The Edifice of Pinkerism

Seth Lerer in the New York Sun:

Screenhunter_16_sep_04_0214This argument, what we might call Pinkerism, sets up a fundamental relationship between language and mind. Its implications have been seen across a gamut of human experiences: from understanding social relationships to developing artificial intelligence. Indeed, some adherents might claim that Mr. Pinker’s work gives us not just a template for humanity, but a program for computer architecture. In short, this is a blueprint for the brain, whether it be organic or virtual.

Mr. Pinker has written so much on this subject, and his work has been the object of so much debate, that one may wonder why we need another 400-plus page book on the matter. “The Stuff of Thought” adds little to the intellectual edifice of Pinkerism. It does, however, furnish that edifice’s rooms with popular examples, political and social implications, and reflections on the ways in which we all use language every day. There are extended chapters on swearing and obscenity, discussions of metaphor and figurative expression in literature and popular culture, and ruminations on the social codes of conversation.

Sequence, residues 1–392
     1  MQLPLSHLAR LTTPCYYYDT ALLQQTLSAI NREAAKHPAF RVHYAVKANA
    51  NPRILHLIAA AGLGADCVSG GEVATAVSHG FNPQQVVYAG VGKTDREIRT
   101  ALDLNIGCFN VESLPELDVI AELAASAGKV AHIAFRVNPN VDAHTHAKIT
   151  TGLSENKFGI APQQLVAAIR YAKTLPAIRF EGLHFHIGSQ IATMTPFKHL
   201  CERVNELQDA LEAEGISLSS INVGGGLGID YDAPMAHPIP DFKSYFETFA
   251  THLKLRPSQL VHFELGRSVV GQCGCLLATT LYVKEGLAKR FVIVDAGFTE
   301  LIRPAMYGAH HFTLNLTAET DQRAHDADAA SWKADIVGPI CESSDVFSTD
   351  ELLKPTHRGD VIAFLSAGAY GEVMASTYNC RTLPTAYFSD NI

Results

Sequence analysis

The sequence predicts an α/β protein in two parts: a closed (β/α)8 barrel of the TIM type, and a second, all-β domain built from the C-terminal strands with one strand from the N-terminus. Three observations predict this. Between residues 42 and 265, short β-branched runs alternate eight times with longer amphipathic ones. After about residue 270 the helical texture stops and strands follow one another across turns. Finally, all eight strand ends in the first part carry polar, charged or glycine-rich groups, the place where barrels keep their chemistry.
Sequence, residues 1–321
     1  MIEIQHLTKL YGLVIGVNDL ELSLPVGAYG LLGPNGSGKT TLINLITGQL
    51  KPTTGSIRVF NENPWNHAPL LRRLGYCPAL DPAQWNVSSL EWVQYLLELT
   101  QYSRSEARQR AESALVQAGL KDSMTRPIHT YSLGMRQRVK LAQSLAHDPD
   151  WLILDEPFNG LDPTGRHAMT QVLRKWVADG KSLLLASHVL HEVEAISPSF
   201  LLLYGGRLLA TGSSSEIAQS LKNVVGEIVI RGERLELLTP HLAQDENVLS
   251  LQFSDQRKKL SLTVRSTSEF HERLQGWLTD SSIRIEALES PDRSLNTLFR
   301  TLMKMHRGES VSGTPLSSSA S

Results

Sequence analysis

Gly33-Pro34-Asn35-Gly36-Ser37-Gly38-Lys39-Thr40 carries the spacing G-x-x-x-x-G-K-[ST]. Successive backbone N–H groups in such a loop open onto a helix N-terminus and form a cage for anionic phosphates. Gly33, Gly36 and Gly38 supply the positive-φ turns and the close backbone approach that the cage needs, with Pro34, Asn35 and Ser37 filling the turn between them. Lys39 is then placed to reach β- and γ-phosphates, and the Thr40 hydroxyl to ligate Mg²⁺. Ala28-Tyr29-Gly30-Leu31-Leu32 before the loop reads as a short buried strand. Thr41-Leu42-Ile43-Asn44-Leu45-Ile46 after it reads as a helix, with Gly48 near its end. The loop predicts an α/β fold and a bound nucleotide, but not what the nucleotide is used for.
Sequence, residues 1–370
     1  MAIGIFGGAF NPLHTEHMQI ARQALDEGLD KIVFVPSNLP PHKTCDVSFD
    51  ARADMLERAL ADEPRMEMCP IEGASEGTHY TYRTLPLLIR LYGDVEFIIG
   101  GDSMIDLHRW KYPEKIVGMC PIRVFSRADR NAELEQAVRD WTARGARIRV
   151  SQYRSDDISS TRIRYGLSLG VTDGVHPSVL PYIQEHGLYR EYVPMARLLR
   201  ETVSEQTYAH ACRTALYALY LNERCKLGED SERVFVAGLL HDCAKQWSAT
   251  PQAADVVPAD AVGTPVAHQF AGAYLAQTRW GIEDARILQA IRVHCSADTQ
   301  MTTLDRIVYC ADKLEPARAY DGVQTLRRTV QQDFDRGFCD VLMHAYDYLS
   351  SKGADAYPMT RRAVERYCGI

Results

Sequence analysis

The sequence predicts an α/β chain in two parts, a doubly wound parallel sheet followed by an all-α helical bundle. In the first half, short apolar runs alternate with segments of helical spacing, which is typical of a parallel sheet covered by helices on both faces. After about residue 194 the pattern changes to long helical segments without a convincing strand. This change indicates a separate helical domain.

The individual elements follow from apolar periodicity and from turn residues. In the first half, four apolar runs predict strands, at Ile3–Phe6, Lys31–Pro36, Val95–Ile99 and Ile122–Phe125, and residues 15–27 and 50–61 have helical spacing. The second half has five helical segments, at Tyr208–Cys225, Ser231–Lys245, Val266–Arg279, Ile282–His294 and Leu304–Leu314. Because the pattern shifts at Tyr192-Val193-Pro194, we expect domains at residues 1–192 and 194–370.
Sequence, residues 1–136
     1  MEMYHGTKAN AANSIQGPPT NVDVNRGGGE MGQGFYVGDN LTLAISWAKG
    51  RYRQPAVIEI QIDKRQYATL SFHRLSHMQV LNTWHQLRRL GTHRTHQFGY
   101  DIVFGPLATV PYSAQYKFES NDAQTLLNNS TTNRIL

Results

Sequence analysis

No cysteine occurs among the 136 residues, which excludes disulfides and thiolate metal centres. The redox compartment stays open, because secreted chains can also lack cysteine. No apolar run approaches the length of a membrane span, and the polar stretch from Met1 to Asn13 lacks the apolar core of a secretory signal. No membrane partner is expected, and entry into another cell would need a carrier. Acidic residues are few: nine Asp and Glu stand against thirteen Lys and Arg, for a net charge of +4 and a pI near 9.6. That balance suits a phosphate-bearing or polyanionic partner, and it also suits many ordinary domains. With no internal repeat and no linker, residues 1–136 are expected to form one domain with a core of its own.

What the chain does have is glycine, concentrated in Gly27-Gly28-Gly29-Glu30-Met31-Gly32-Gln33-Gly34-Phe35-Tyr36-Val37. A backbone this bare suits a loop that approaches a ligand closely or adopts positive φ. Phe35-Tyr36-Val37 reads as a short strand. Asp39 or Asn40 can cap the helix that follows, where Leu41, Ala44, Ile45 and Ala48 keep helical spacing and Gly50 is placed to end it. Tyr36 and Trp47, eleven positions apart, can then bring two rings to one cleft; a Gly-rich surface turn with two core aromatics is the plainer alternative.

Some of this material is fascinating. I was particularly struck by the discussion of “indirectspeech”: why we often make requests or indicate desire in oblique ways. “Would you like to come up for coffee,” has become an indirect request for sex. “I was wondering if you could pass the guacamole,” has become a polite way of saying, “Pass the guacamole.” Politeness and desire compel us to speak and write in subtle ways, and Mr. Pinker’s sensitivity and knowledge make his account far more substantive than those of other writers on this matter.

More here.  My own review of The Stuff of Thought is here.